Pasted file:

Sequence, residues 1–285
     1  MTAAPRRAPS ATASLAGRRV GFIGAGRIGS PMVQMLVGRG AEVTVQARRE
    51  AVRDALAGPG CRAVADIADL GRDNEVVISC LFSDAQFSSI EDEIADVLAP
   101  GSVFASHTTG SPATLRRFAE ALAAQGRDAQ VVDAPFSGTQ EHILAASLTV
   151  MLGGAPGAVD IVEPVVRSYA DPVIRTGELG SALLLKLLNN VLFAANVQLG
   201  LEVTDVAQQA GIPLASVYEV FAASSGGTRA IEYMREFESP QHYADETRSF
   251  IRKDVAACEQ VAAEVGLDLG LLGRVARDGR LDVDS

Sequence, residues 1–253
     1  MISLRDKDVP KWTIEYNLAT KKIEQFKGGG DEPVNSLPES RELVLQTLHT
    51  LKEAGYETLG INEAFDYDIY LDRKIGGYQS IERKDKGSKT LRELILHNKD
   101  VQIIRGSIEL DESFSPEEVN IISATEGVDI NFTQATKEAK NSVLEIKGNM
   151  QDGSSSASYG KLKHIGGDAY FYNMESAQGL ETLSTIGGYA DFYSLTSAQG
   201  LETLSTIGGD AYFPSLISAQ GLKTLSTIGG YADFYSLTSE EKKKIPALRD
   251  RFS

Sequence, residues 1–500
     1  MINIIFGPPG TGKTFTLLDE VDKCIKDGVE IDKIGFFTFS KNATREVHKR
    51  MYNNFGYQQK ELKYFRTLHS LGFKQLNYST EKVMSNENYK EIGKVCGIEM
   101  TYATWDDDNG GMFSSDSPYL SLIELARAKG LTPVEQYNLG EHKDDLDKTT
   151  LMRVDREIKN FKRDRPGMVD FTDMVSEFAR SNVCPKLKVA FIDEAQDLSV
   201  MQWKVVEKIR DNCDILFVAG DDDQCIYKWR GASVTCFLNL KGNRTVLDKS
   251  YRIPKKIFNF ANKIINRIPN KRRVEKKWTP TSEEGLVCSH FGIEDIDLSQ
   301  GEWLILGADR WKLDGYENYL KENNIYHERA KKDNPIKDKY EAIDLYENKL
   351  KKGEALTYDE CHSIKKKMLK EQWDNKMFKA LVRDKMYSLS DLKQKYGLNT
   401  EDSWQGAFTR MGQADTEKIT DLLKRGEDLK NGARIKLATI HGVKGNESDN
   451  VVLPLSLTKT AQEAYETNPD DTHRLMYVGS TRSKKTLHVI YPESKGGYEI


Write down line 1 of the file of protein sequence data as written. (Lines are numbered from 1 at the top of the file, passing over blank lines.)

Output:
Sequence, residues 1–285